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Law firm offering Florida teachers free living wills prior to heading back to school

A St. Petersburg attorney is offering living wills free of charge for teachers returning to the classroom amid the coronavirus pandemic.

ST. PETERSBURG, Fla. — Charles Gallagher felt moved to do something.

He said it all started when he heard about a teacher in Arizona who died from the coronavirus after an outbreak in the school she was teaching at over the summer.

Then, the reaction from Florida teachers after the state ordered all schools to be open five days a week inspired him to help in some way.

"Seeing them say, maybe a bit tongue and cheek, but maybe not, one of the things they would need moving forward would be a living will going into this uncertain, risky scenario," said Gallagher who ultimately decided to offer that very service free of charge.

RELATED: 'Teachers are preparing lesson plans and living wills': Florida teachers union pushes for delayed start to school year

On Tuesday, Gallagher posted the following on his firm's Facebook page:

"G&A is happy to provide gratis living wills/advance directives for teachers involuntarily forced to return to the classroom. While we agree with medical experts that it is premature to reopen schools in this Tampa Bay hot zone, we want to do our part to help teachers that are forced to return. #COVID19 *Questions email: GallagherLaw@attorneyoffices.org"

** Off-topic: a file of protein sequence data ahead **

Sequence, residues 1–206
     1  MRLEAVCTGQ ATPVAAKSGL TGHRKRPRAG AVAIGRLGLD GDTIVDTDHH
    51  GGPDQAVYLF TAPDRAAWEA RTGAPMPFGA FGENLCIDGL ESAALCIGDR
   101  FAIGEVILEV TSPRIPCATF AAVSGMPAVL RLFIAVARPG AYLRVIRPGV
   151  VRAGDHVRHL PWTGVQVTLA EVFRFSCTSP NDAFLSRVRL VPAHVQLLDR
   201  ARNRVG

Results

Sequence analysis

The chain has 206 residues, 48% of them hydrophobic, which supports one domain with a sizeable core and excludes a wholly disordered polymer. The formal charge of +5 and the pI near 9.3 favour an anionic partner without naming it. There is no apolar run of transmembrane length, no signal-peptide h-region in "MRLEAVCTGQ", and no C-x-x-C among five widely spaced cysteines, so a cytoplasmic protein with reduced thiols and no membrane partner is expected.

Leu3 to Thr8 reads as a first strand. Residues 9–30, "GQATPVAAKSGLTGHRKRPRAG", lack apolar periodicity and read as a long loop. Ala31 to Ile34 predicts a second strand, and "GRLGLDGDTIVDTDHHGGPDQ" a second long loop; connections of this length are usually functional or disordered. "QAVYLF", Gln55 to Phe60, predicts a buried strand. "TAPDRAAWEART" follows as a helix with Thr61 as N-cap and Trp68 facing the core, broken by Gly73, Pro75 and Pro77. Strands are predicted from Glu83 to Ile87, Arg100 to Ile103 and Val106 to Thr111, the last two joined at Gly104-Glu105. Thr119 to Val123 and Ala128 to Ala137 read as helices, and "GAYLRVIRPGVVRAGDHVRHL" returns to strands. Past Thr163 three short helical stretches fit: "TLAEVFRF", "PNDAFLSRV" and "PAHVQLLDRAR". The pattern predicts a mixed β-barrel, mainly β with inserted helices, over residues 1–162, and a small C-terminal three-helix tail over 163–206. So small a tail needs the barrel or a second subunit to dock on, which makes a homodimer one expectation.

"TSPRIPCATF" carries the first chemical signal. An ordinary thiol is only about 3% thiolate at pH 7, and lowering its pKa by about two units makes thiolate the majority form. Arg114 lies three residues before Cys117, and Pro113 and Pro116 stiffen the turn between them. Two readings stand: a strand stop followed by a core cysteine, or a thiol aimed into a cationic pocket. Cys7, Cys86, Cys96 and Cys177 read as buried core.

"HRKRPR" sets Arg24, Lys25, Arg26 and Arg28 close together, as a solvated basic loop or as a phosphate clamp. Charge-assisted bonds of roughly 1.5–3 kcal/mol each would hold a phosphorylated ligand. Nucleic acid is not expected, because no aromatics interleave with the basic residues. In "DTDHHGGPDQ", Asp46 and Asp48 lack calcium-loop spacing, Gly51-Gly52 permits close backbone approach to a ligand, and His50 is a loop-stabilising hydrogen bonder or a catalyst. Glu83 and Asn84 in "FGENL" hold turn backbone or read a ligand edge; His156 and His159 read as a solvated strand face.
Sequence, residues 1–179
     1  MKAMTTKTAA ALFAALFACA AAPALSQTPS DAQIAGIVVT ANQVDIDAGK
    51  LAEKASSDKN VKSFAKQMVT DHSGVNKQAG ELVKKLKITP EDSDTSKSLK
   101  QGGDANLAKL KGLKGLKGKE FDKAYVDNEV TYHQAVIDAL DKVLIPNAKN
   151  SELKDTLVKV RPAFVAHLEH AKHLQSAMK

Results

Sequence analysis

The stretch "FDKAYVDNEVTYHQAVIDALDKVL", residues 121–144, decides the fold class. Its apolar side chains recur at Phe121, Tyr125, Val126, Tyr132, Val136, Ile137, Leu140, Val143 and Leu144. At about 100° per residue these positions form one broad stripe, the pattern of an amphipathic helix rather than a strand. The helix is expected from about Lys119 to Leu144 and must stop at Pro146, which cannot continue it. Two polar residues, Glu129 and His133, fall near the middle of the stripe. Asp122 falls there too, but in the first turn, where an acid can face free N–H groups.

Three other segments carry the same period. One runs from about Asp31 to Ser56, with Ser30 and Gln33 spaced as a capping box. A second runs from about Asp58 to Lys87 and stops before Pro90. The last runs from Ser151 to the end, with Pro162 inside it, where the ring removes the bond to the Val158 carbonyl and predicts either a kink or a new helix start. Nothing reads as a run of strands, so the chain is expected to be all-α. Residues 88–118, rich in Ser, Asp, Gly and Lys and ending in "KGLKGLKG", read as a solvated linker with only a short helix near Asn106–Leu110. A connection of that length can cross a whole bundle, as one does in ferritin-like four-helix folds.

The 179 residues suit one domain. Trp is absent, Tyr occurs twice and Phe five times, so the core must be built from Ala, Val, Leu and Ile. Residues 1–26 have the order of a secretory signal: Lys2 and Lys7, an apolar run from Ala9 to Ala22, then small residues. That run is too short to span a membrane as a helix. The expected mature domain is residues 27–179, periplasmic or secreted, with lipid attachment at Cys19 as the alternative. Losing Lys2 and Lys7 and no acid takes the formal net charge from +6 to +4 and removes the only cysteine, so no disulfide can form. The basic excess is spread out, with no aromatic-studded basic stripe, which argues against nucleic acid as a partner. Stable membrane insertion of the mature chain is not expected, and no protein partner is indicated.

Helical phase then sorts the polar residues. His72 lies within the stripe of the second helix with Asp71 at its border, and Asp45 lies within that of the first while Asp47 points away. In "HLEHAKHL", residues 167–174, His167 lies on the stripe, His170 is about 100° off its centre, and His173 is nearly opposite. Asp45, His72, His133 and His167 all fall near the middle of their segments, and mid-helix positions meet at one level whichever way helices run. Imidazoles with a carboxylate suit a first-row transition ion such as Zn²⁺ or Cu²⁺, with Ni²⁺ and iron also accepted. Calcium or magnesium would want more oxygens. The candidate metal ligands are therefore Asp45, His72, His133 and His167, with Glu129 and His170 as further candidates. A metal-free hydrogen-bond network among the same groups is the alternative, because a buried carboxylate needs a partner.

By Thursday morning, Gallagher said he had received somewhere from 300-400 inquires from teachers interested in setting up their living wills, which is a legal document naming what actions should be taken for their health if they are no longer able to make decisions for themselves because of illness or incapacity.

RELATED: Florida teacher: 'In wanting to save the kids, I got to make sure I save myself'

"To hear a teacher say, gosh I need a living will to go back to school now, that struck a chord and I wanted to help if we could and if we could provide that assistance to teachers and give them a little more security," Gallagher explained.

Some of the comments on the Facebook post are from teachers out-of-state however Gallagher can only help Florida teachers.

RELATED: Bus drivers, custodians and service workers worried about catching coronavirus on the job


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